Last updated: September 14, 2020
The support for the legalization of marijuana, both for recreational and medical use, is a hot topic of discussion today. While marijuana is now legal in many states throughout America, it is causing questions and concerns for many different types of businesses, especially those that are regulated by Department of Transportation (DOT) guidelines, like Florida’s trucking industry.
Since the Federal Drug Administration still has ultimate power over federal marijuana laws, there are many unanswered questions for CDL holders including those about transporting legal marijuana into states where it is not legal, and whether Florida truck drivers are allowed to own a medical marijuana card while they also hold a commercial driver’s license.
The lines are blurred when it comes to the legality of marijuana…
While the recent legalization of marijuana has brought a new opportunity to the trucking industry for its freight transportation, it is presenting greater challenges for Florida trucking companies as well as commercial driving schools when it comes to the drug testing of the drivers.
Although recreational marijuana is legal in nine states and medical marijuana is legal in 29, it is still considered to be a Schedule I narcotic, which means that it is illegal to consume, sell, or possess in the U.S. Due to the recent legalization in some states, trucking companies as well as other industries have seen a spike in failed drug tests, which is effecting their business as well as the livelihood of drivers.
Despite marijuana being legal in many states, the U.S. Department of Transportation strictly prohibits the use of marijuana by any ‘safety-sensitive’ employee no matter whether it is legal in their home state or not. This means that if a Florida truck driver legally consumes marijuana in Colorado, they could still be at risk of being terminated due to the federal classification of marijuana as a narcotic. Florida trucking companies and commercial driving schools have been put in unprecedented situations due to this unusual predicament of blurred lines.
Is marijuana legalization causing truck drivers to lose their jobs?
The short answer is no, but their choice to consume it is.
Since they are regulated by Department of Transportation guidelines, Florida trucking companies follow the “zero tolerance” policy when dealing with drugs, even if it was consumed in state where it is legal on the state level. This means that even drivers who have a medical marijuana prescription to consume pot “legally” are still at risk of being terminated. The Florida trucking industry agrees with the argument that marijuana’s legality in a state does not override federal law, and more importantly, safety concerns. Since the recent legalization marijuana, even truck drivers with good safety records and long careers in the industry have lost their have lost their jobs due to their legal medical/recreational marijuana use.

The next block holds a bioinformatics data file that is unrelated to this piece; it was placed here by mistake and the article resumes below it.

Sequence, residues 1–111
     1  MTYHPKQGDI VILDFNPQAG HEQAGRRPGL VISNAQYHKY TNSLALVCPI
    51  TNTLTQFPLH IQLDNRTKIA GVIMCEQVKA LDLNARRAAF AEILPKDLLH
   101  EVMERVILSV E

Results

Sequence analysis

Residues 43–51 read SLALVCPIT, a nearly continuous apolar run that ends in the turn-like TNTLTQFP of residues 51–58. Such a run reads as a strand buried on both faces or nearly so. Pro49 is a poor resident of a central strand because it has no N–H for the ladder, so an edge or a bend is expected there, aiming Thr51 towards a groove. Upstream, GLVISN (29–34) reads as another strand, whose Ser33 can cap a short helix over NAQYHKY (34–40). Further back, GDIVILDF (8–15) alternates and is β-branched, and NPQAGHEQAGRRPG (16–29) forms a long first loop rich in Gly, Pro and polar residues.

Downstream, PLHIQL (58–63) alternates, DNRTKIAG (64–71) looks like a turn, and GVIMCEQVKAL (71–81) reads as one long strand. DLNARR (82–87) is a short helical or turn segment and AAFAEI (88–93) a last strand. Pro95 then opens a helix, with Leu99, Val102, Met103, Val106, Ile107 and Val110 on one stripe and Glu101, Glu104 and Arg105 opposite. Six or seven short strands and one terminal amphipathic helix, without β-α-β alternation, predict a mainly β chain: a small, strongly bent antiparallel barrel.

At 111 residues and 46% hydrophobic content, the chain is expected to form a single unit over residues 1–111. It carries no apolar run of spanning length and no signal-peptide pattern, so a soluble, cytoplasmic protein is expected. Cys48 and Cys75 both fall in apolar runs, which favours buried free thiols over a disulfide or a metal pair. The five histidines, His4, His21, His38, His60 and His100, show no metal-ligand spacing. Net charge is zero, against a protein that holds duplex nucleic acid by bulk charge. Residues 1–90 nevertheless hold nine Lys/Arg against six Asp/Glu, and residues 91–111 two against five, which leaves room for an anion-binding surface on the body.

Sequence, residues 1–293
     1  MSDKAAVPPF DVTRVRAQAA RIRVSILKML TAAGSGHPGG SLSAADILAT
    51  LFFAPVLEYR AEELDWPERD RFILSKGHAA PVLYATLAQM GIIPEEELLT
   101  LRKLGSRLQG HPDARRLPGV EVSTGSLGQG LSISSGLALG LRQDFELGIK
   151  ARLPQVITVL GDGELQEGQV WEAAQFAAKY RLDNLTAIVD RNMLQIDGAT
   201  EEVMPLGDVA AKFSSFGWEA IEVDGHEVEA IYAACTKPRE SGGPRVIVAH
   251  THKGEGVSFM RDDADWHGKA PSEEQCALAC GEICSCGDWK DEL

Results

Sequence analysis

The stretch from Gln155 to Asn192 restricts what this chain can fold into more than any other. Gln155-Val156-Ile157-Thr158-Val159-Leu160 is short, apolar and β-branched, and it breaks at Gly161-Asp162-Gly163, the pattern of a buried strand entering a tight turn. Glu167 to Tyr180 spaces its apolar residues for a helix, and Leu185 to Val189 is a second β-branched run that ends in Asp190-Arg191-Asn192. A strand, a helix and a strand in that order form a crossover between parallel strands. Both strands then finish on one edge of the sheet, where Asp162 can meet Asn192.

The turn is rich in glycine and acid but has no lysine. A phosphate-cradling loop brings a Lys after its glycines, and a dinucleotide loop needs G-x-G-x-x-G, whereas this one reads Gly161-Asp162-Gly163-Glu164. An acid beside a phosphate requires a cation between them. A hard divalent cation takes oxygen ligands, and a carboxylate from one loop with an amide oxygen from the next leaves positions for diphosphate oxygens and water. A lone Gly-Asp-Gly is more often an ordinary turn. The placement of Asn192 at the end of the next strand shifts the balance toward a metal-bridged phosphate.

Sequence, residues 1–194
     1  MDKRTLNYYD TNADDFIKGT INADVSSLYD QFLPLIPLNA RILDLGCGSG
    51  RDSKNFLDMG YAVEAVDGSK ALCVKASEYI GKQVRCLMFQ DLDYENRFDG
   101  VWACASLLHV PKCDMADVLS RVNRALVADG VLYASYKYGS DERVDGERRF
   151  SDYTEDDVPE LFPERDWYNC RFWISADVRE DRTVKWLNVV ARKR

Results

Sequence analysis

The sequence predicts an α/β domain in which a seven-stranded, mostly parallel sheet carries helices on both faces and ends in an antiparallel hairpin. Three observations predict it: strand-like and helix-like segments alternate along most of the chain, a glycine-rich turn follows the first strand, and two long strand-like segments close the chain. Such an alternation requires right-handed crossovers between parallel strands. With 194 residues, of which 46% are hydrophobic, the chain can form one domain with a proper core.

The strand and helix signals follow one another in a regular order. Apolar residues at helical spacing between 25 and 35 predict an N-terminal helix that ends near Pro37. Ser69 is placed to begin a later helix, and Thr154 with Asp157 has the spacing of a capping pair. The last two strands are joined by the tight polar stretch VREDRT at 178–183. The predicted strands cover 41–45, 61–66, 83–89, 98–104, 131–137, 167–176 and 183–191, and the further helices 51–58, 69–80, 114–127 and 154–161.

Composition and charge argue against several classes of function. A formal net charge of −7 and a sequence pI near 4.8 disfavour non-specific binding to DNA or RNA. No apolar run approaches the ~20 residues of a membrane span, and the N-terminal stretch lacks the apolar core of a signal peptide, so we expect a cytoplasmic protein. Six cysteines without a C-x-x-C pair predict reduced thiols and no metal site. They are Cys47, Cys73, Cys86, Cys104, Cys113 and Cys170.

DOT regulations concerning marijuana
According to the DOT’s regulations, any truck driver who tests positive for marijuana must be terminated, whether it was legally consumed or not. In fact, because marijuana can stay in your system for up to 30 days, drivers could fail a drug test even if they were not under the influence during testing or while they were actually driving. According to the law and DOT regulations, any truck driver with even the smallest trace of marijuana in their system are considered to be impaired.
The trucking industry pays the cost for legalization
The recent and continued legalization in some U.S. states has also created a huge monetary issue for the Florida trucking industry. Their bottom line is being impacted due to the increased need for drug testing, which is an additional added expense. These companies must pay additional costs for more accurate drug testing to enforce their “zero tolerance” policy. These more frequent drug tests, combined with the additional costs of replacing and training new employees to take the place of drivers who test positive is substantial in increasing the cost to companies in the Florida trucking industry. Those increased costs ultimately get passed on to the consumer.
Although there is not yet a clear answer to how large of an impact the legalization of marijuana is having on the trucking industry, it is clear that it is significant for everyone.